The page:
Harker Heights Fire Department driver Walter Elvidge summed up the meaning of the 12th annual Freedom Walk, which took place Monday at Killeen High School.
“This is my generation’s history-making event.”
Standing beside truck 101, its ladder forming part of an arch from which an American flag flew over the procession to Leo Buckley Stadium, Elvidge added, “My parents remember when JFK was assassinated. I can tell you right where I was when the planes hit the World Trade Center.”
Sixteen years ago, on what started as an ordinary Tuesday morning, two commercial aircraft flew into the twin towers in New York City just before 9 a.m. Eastern Daylight Time. Within minutes, another plane struck the Pentagon in Washington, D.C. A fourth plane crashed in a field outside Shanksville, Pennsylvania.
Killeen Police Chief Charles Kimble, guest speaker at the Freedom Walk, recalled being at work with the Fayetteville, North Carolina, police department when the news broke. So close to Fort Bragg, Kimble knew his life would change, as a veteran himself, and a military spouse.
“We remain a nation at war,” Kimble said in his brief speech. “We still have men and women in harm’s way.”
Kimble reflected not only on the first responders who died Sept. 11, 2001, but, “Most who lost their lives on that day were ordinary people.”
About 400 people from all parts of Killeen, Harker Heights, Fort Hood and nearby communities assembled in the high school’s auditorium for the first part of the Freedom Walk.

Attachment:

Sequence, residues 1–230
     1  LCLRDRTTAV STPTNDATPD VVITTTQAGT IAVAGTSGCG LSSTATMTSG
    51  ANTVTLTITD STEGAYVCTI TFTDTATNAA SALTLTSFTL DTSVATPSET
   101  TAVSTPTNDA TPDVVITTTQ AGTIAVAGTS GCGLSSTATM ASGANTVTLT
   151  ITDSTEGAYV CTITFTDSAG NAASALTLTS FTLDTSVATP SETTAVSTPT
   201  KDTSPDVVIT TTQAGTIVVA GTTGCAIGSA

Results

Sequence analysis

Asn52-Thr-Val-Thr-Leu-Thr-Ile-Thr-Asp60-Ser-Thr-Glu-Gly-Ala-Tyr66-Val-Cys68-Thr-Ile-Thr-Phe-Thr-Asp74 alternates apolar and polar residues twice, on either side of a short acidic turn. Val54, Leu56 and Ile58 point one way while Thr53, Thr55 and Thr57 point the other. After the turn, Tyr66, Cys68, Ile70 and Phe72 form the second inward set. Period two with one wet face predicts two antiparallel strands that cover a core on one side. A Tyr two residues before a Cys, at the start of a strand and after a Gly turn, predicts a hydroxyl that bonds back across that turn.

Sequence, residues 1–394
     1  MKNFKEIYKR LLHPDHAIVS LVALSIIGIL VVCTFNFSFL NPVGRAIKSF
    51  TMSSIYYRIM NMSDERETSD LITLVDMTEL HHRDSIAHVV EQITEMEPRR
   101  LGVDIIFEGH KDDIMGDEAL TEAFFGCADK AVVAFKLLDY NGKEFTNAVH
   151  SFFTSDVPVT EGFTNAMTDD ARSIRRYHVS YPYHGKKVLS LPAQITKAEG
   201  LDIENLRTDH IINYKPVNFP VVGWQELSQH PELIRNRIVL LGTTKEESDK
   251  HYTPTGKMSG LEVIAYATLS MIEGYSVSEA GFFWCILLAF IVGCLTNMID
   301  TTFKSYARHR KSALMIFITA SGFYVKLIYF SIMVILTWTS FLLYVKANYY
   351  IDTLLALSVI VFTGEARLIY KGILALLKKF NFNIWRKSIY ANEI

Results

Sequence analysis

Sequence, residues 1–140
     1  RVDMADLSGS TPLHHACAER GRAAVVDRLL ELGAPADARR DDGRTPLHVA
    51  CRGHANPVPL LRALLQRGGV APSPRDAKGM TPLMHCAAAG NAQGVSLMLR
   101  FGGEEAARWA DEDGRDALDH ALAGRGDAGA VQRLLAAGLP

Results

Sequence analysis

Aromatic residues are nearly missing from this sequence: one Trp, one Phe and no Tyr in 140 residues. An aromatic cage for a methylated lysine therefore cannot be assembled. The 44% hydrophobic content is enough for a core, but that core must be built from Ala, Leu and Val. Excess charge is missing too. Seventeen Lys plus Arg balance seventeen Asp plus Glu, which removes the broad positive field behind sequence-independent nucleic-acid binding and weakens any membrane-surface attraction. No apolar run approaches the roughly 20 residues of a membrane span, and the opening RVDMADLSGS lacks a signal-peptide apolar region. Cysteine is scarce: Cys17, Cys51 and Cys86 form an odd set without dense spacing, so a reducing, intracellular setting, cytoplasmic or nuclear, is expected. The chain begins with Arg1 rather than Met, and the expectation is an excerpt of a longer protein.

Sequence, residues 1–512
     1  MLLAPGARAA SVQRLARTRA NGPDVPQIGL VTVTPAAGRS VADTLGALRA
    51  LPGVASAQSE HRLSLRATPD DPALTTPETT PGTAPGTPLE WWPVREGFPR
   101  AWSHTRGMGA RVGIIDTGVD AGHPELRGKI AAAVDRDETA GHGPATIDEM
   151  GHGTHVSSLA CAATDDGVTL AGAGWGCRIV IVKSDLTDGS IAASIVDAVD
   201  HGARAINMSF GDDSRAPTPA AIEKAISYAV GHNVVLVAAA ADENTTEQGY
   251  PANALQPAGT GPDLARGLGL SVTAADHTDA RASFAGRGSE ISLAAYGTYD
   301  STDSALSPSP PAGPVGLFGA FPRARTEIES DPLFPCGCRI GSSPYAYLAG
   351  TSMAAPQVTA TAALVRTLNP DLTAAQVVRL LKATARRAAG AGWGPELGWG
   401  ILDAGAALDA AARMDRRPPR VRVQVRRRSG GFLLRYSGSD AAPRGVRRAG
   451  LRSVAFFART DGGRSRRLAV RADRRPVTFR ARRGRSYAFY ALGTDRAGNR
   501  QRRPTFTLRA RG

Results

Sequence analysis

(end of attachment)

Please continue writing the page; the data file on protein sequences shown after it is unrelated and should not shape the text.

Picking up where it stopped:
The crowd listened to the Ellison High School choir sing the national anthem and “God Bless America.” The program included brief excerpts from the History Channel documentary, “102 minutes that changed America.”
Antoinette Wiggins, retired Army and child care director at the Armed Services YMCA, saw deep meaning in the celebration.
“My family, friends, and the community were all affected by what happened,” she said.
Steve Hudson, executive director of elementary education for the Killeen Independent School District, found the gathering refreshing and inspiring.
Hudson, who has been in Killeen for two years, said, “I’ve never been anywhere they did anything like this, and I’ve been in education a long time.”
As the crowd moved from the Killeen High School auditorium, the high school’s drum line provided a lively beat behind the color guard from Harker Heights Police and Fire departments.
The procession walked a quarter mile to Leo Buckley Stadium. Walkers passed beneath the fire trucks’ arch before circling the stadium track.
All paused as a bell tolled 11 times, then balloons were released to commemorate those who died Sept. 11, 2001.